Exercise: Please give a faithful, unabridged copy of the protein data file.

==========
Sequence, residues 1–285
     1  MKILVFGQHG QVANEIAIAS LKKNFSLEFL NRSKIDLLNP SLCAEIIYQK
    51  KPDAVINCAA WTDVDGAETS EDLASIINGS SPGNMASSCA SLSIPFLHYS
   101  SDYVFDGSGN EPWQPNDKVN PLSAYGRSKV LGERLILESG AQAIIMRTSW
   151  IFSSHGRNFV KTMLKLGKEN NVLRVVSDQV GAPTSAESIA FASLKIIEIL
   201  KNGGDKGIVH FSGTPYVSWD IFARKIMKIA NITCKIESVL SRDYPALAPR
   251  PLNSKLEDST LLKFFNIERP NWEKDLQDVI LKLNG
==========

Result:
Sequence, residues 1–285
     1  MKILVFGQHG QVANEIAIAS LKKNFSLEFL NRSKIDLLNP SLCAEIIYQK
    51  KPDAVINCAA WTDVDGAETS EDLASIINGS SPGNMASSCA SLSIPFLHYS
   101  SDYVFDGSGN EPWQPNDKVN PLSAYGRSKV LGERLILESG AQAIIMRTSW
   151  IFSSHGRNFV KTMLKLGKEN NVLRVVSDQV GAPTSAESIA FASLKIIEIL
   201  KNGGDKGIVH FSGTPYVSWD IFARKIMKIA NITCKIESVL SRDYPALAPR
   251  PLNSKLEDST LLKFFNIERP NWEKDLQDVI LKLNG